Hell 3: Universalism and Karl Barth

Posted: March 12, 2014 by J in Bible, Church history, Theology
Tags: , , ,

Will all people be ultimately ‘saved’ – restored to God and to goodness and life?

Last post we saw that God’s judgement is one of the major, big-picture ideas or images that run through the whole Scriptures, and give shape to the story of God’s purposes for his world. The gospel can be well-expressed as the story of God’s judgement arriving in the world through his Son, the judged one and the bringer of judgement. The Christian confession ‘Jesus is Lord’ is really saying that Jesus is the judge of the world.

Fundamental to the image of judgement, we saw, is the idea of division. The judge distinguishes between those approved and those shamed. He makes a finding in favour of one, and against the other (Model 1)

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Model 1

This core image of division has been largely lost in Protestant teaching about judgement. And this has directly led to the teaching of universalism which has been so pervasive in Protestant churches over the past century or so.

Our Protestant message of God’s judgement has instead gone something like this: Everyone has sinned and put themselves in the wrong with God. Everyone receives the verdict of guilty, an adverse judgement. There are no two sides in this judgement: everyone is on the same side: the ‘condemned’ side. Or if we imagine two sides, then God is on the other side, standing over against us all (Model 2).

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Model 2

In this Protestant story of judgement (Model 2), the details of what we do ‘down here’ make no difference. Everyone is by definition included in the general condemnation. Thus there is no possibility of division between different people. Not in the judgement.

This revised version of God’s judgement (Model 2) has far-reaching consequences for the whole of our gospel theology. Here are some of the most problematic:

  • It divorces God’s judgement from his saving activity. These become opposites, rather than one and the same thing. God’s judgement becomes an entirely negative thing, which saves no one. Where the early believers could sum their faith up simply with ‘Jesus is Lord’, we Protties feel we have to add ‘Lord – and Saviour‘, because for us they are very different things.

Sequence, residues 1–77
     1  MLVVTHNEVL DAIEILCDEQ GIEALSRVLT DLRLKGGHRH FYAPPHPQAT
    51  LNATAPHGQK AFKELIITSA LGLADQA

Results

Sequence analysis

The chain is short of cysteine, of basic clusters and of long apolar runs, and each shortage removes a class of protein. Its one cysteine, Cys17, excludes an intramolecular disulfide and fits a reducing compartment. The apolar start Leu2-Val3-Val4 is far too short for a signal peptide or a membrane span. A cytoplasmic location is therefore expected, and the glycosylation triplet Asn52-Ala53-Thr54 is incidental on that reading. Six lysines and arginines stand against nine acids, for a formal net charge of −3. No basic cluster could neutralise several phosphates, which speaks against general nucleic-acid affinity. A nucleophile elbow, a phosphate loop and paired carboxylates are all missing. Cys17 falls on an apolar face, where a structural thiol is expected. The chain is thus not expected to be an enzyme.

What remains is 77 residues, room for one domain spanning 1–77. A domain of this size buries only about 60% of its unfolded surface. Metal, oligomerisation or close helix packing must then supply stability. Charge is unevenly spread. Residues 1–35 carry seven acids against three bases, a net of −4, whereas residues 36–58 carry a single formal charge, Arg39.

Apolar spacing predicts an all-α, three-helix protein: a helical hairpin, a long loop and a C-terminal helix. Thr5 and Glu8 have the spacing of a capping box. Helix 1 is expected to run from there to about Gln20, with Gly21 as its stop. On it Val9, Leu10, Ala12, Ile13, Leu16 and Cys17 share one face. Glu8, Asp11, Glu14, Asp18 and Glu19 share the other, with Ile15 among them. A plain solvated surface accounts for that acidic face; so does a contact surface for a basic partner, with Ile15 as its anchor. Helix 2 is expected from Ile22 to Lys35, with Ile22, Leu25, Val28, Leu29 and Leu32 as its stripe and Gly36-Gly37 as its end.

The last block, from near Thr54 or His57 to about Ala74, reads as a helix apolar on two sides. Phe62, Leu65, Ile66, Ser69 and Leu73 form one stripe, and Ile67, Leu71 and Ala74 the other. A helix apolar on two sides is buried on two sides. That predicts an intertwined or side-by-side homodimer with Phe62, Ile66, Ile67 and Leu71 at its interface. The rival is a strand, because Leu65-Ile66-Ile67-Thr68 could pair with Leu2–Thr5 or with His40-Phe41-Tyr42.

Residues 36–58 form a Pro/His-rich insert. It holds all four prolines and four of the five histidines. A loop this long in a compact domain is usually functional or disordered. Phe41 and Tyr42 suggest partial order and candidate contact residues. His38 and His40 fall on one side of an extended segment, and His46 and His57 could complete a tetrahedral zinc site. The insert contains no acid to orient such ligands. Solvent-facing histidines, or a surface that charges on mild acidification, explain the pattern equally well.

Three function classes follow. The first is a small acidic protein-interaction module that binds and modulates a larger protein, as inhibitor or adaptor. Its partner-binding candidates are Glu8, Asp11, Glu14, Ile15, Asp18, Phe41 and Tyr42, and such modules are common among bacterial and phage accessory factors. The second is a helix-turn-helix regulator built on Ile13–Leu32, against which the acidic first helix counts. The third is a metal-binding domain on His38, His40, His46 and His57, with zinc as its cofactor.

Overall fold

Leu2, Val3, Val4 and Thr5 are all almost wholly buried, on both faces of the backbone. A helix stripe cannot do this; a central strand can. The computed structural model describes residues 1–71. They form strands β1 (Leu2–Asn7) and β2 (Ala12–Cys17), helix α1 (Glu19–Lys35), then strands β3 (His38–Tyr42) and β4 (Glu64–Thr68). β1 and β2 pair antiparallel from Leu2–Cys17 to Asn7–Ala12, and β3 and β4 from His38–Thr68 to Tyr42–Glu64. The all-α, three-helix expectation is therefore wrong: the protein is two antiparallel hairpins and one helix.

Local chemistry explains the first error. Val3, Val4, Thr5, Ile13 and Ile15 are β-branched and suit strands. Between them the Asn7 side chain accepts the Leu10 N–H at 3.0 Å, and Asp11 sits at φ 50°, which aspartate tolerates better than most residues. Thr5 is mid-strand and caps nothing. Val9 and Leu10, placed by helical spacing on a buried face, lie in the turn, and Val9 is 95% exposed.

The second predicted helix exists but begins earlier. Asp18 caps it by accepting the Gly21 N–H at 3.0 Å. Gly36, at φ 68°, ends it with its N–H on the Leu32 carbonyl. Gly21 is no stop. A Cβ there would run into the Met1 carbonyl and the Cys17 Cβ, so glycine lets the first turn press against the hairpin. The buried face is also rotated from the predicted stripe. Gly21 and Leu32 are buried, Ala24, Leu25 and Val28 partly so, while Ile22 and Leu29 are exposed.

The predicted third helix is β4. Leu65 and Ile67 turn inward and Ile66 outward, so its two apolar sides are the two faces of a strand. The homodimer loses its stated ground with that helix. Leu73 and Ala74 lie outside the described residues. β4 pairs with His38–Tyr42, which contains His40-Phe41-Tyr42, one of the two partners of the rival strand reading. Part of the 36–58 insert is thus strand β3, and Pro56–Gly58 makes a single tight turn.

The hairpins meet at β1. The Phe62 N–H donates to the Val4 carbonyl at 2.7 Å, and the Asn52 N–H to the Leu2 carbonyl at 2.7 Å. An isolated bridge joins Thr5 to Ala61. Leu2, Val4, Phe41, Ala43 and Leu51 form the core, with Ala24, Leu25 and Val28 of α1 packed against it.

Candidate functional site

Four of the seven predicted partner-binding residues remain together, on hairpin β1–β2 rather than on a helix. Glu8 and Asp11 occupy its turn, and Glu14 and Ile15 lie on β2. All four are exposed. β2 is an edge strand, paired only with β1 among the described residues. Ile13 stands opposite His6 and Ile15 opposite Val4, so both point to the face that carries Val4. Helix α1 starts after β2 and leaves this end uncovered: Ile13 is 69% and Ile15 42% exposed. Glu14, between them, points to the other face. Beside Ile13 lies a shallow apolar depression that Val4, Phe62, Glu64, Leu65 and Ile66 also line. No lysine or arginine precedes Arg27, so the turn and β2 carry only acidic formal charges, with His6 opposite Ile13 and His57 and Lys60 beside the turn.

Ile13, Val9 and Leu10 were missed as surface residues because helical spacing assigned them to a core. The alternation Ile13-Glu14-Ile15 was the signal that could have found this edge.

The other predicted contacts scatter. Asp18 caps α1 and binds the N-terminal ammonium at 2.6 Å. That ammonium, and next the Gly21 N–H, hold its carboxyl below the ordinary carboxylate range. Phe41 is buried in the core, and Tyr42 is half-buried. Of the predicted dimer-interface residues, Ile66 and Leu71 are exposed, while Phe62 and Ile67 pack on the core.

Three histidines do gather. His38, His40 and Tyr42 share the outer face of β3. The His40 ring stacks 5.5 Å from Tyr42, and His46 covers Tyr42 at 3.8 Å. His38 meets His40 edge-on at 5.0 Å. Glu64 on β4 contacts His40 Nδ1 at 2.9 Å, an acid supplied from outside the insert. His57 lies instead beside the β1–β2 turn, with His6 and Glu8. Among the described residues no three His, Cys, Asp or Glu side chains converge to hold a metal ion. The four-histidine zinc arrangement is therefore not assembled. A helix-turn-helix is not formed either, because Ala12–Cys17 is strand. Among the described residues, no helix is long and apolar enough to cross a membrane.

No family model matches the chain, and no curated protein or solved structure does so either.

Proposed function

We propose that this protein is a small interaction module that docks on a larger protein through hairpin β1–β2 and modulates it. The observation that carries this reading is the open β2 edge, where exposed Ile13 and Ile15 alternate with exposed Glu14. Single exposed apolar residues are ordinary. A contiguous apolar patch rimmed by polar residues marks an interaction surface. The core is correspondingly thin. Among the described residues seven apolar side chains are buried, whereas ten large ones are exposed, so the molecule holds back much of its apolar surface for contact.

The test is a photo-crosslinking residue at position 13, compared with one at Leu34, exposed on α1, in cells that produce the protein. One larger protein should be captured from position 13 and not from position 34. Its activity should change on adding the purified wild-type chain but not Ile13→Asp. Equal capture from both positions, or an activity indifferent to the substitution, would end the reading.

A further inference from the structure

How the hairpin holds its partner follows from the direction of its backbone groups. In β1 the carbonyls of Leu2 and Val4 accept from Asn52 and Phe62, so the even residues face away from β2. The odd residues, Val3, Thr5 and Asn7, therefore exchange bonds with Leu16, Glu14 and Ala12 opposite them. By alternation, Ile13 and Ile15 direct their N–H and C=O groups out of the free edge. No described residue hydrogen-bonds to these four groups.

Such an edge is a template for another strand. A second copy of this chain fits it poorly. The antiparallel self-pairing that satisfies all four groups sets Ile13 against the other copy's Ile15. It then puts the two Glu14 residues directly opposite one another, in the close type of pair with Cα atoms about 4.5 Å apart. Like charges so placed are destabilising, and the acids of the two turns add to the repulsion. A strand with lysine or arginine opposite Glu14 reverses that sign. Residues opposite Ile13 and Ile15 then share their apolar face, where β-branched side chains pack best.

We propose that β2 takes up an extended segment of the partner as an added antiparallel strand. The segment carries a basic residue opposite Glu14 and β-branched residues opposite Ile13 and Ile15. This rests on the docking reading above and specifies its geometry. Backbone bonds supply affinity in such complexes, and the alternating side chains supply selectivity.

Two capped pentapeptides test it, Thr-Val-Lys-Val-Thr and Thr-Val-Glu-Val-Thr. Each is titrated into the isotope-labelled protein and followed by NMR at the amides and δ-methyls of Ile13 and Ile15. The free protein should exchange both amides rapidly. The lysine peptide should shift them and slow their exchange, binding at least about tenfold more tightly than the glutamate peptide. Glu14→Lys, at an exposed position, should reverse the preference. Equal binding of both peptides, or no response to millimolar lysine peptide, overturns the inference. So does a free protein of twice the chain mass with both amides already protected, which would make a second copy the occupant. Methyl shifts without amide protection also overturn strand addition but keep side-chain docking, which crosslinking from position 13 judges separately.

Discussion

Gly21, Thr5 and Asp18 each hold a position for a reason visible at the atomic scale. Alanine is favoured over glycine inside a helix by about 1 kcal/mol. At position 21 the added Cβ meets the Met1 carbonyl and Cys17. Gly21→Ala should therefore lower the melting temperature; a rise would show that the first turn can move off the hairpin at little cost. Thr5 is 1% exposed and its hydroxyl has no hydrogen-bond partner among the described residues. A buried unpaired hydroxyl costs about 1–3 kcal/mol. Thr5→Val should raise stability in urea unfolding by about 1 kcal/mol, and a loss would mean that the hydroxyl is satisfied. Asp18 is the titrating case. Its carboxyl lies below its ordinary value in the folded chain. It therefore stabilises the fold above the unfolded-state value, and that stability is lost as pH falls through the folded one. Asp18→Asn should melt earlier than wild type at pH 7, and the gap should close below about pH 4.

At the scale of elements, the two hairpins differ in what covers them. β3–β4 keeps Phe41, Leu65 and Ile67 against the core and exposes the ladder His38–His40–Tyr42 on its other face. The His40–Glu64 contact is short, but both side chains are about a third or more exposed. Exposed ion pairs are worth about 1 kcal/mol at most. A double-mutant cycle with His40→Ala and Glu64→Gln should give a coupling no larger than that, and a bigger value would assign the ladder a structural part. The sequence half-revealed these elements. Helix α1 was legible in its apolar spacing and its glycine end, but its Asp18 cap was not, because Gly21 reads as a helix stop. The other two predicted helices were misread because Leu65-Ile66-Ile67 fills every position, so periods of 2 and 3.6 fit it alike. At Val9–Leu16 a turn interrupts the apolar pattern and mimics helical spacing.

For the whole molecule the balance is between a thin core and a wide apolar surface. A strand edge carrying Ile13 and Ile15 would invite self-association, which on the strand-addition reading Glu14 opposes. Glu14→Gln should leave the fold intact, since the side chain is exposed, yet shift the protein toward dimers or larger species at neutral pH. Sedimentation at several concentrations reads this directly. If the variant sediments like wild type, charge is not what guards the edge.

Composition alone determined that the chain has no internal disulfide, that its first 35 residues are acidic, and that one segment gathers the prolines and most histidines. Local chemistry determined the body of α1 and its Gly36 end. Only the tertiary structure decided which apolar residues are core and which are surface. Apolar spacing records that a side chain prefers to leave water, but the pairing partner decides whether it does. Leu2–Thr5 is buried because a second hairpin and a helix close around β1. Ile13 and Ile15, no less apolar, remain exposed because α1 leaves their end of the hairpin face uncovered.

• God the judge is seen to be against everyone. Literally everyone.
  • The only way of salvation for anyone is by escaping from God’s judgement. Justice becomes a kind of evil, to be escaped at all costs.

These are serious and fundamental distortions. The doctrine of God’s character, the very idea of justice, the Lordship of Jesus: the whole shape of our faith has been badly skewed by this alternative version of judgement which we have adopted.

Those who have been unwilling to accept these distortions have found themselves in a hard place. They have felt forced to reject the traditional teaching. But there have seemed to be few alternatives, and all of them bad.

From a starting point of Model 2 (which is the common heritage of all Protties) how can you avoid the unacceptable consequences outlined above?

a) You could deny the whole judgement thing. A God who judges is a primitive doctrine not appropriate to modern man. God is love and salvation, and therefore he is not judgement. OR

b) You could keep the structure, but subvert the meaning. If Protestants can lump everyone together under the ‘negative’ side of the original bible doctrine of judgement, then why not just reverse the thing, and lump everyone together under the ‘positive’ side, and still call it judgement? Just as defensible, no? So judgement would be defined as a restorative, salvific process, in which all will eventually be healed and reconciled to God.